I can only conclude that there is no reason to believe that the Bible contains no errors. That doesn’t mean I believe it has errors, or that any individual problem is an error, for many apparent errors have subsequently been explained. I prefer to think that regardless of possible errors, God inspired the authors and uses the Bible to reveal himself. Some people find this view incongruous, but we are quite used to reading fallible books and newspapers and drawing what we believe are true conclusions, so why not here? – and we have the Holy Spirit to guide us (John 14:26, 15:26, 16:13).
Interpreting the Bible
How should we interpret the Bible?
Unfortunately, both believers and sceptics too often interpret in the way that suits them. I believe we need to learn from the scholars what the words and concepts meant in the original culture, then we need to pray for the Holy Spirit’s guidance, discerned by the body of christians, on how to apply passages today.
Should the Bible always be interpreted literally?
It is clear that some sections are poetry, parable, vision, psalm, etc, and most christians recognise that these types of literature should not be interpreted literally – though unfortunately this doesn’t stop many christians from using the Psalms in inappropriate ways. But the harder question is: which other sections are literal and which are not?
I have no trouble, based on scholarship and the Holy Spirit, interpreting Genesis 1-11 as myth, and Job and Jonah as more folk tale than historic. I have more difficulty with the ‘historical’ books of the Old Testament, but I tend to agree with CS Lewis that they appear to be exaggerated history with legendary elements.
It is worth noting that Jesus and the New Testament writers don’t always interpret the Old Testament in a literal way, but use interpretations common to first century Judaism that we would regard as somewhat fanciful. For the first few hundred years, many christians employed allegorical interpretations, and Augustine (one of the most influential of all christian writers) cautioned in the 4th century against interpreting Genesis literally.
Is the Bible a book of rules for faith and life?
If this is its primary purpose, then its final form is very strange, for it is more narrative than anything else. It certainly contains rules, but the New Testament replaces rules with principles, and a strong teaching that the Old Testament laws have been superseded by the guidance of the Holy Spirit (Luke 16:16-17, Romans 7:6, 2 Corinthians 3:6) – so anything not done in faith is sin (Romans 14:23).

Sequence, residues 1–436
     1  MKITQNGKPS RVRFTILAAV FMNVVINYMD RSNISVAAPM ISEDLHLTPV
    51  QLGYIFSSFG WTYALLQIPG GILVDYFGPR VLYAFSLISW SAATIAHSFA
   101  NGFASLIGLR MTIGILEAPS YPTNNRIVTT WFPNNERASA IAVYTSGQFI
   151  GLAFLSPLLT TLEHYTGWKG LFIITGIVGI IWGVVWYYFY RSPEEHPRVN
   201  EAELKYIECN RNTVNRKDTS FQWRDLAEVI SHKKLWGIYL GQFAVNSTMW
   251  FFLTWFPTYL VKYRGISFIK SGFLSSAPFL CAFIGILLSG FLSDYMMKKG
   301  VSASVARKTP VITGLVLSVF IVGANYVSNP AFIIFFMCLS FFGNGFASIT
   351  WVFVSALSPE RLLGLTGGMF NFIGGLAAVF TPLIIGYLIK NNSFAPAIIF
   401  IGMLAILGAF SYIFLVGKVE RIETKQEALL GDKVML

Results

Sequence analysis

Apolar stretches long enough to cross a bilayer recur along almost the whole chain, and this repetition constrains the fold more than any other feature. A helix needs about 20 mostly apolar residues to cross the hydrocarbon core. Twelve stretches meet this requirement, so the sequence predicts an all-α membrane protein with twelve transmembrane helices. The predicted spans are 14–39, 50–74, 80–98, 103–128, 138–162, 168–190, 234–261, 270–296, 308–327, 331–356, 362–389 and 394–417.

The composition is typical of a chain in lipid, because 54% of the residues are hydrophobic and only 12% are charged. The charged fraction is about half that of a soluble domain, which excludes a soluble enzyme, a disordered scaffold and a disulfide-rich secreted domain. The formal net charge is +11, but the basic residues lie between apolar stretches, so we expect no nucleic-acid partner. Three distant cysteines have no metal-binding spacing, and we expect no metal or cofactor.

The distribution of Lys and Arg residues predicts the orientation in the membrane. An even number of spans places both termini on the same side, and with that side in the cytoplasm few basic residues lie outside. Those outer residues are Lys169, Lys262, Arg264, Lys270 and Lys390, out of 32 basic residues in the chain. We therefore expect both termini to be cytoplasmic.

Questions and difficulties
Most common questions and difficulties are removed by the above approach. We don’t expect perfection and unambiguous rules, but more a story of God at work with imperfect people. We don’t expect to understand everything, but we expect the important things to be clear enough, and the Spirit to guide us. Perfect knowledge is not achievable in this life, and we live with uncertainty but also with faith.
Thus difficulties in the Bible are not sufficient to undermine my faith and my reasons for believing, though I must admit I am still troubled by the Old Testament commands to kill.
Living as a christian
I have lived as a christian for almost 50 years, and these convictions have developed slowly. I haven’t found that my changed view of the Bible has led to any loss of faith or zeal for God – at 66 I am still as committed to serving God by helping others to ‘see him more clearly, love him more dearly and follow him more nearly’, and playing my small part in bringing justice and mercy on earth.
My wife and I pray together every day and read the Bible together on many days. I study the Bible with the best scholarly help I can get, and lead studies for others in groups. I don’t believe the Bible is inerrant, but I take it seriously and I find that the Spirit speaks to me through it – certainly I find plenty of places where I see the need to improve my behavior.